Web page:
The Nashville & Eastern Railroad Authority board voted to spend $880,000 to improve its railroad tracks, but the amount is less than operator R.J. Corman Railroad Group wanted.
The money is from the state fuel tax allocation to the authority, and the low bid for the work came in at about $1.12 million. That left the authority and R.J. Corman with the choice of making up the difference of about $240,000 or cutting back the scope of the project.
Kevin Walker, the authority's consulting engineer, told the board that an examination of the track determined "well over" 10,000 ties needed replacing and the scope of the project had already been reduced to replacing about 7,000 ties, mostly east of Lebanon, and replacing some track at the Nashville interchange.
"We feel very strongly about this scope of work," R.J. Corman Chief Engineer Ed Quillian told the authority in saying his company would put up half the difference between the amount available and the low bid. "We will add at least half the differential to the $880,000."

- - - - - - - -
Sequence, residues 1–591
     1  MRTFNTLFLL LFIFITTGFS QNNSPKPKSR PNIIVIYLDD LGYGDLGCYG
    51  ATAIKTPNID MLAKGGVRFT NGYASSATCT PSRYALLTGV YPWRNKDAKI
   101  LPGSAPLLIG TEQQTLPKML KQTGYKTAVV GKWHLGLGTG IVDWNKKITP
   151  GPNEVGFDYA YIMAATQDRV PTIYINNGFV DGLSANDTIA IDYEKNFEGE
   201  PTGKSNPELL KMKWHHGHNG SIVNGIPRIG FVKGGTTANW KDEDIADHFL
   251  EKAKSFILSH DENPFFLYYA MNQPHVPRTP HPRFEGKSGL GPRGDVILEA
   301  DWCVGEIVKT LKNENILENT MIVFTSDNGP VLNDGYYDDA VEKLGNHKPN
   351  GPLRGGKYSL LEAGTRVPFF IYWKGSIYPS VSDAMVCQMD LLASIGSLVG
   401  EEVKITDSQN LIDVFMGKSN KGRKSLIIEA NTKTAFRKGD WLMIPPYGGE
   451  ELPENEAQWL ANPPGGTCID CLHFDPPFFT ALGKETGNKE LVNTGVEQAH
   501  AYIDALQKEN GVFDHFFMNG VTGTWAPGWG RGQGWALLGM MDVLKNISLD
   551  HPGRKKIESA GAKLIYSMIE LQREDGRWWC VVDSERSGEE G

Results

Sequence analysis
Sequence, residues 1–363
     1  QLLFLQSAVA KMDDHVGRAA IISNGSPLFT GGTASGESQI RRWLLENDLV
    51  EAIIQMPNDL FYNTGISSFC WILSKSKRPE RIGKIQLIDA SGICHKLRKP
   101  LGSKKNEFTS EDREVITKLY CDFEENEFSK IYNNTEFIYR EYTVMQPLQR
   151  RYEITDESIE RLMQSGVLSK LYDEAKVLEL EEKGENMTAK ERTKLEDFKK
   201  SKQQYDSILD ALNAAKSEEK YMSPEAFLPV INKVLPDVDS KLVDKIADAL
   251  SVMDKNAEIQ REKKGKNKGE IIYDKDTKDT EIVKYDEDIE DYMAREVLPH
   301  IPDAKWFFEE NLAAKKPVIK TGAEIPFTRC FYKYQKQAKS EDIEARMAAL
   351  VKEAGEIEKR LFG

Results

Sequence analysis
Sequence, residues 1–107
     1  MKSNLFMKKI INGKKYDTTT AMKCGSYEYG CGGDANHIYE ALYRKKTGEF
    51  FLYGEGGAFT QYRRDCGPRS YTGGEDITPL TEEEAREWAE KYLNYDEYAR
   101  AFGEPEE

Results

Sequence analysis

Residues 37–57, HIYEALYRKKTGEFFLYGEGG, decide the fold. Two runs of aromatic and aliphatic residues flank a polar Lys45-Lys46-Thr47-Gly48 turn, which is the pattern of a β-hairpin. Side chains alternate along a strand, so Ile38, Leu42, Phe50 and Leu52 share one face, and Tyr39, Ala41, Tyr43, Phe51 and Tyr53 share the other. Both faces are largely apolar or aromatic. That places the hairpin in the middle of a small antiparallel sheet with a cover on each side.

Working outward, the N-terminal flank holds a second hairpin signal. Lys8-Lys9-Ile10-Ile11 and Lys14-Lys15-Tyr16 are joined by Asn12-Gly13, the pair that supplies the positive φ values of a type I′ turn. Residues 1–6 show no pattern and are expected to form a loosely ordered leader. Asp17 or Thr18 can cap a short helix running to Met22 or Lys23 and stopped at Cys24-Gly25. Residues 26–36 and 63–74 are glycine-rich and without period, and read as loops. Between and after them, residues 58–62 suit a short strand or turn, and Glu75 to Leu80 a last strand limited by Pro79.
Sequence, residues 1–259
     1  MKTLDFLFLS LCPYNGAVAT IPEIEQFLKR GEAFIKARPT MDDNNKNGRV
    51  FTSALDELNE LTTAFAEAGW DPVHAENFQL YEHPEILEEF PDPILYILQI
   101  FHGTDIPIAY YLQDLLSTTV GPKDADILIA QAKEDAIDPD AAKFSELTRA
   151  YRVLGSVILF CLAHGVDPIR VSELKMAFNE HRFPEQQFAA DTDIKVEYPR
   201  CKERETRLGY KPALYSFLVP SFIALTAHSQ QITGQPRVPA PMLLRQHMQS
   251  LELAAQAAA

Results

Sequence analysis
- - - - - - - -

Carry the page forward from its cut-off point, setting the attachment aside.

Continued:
Quillian said the company has run two track surveys this year using special rail cars that test the integrity of the line. The portion used by the Music City Star commuter line from Lebanon into Nashville "came back with zero defects," he said. Lebanon to Carthage, however, needs work.
"Regardless of whether its 10 cars or 100 cars a day, you still have to maintain a certain standard in safety, speed and (Federal Railroad Administration) regulations," Quillian said.
Walker said when track is not up to par, two options are available: limit traffic or reduce speed. Both those factors could adversely affect R.J. Corman's efforts to build traffic. And a portion of the authority's funding is dependent on how much business R.J. Corman has.
Authority Treasurer Henry Schumpf pointed out that the authority ended the 2018-19 fiscal year with about $540,000 in the bank, and is facing loan repayments to both First Tennessee Bank and the United State Department of Agriculture, as well as other projects that require authority to match a portion of grants. On his motion, the board voted to reduce the scope of the project to $880,000 plus whatever R.J. Corman adds.
Grant Chaney, R.J. Corman's director of commercial development, told the board that traffic on the line is down about 12%. He attributed that to reduction from a couple of large customers. On the positive side, he said he has several new projects and customers lined up that should come on line later this year.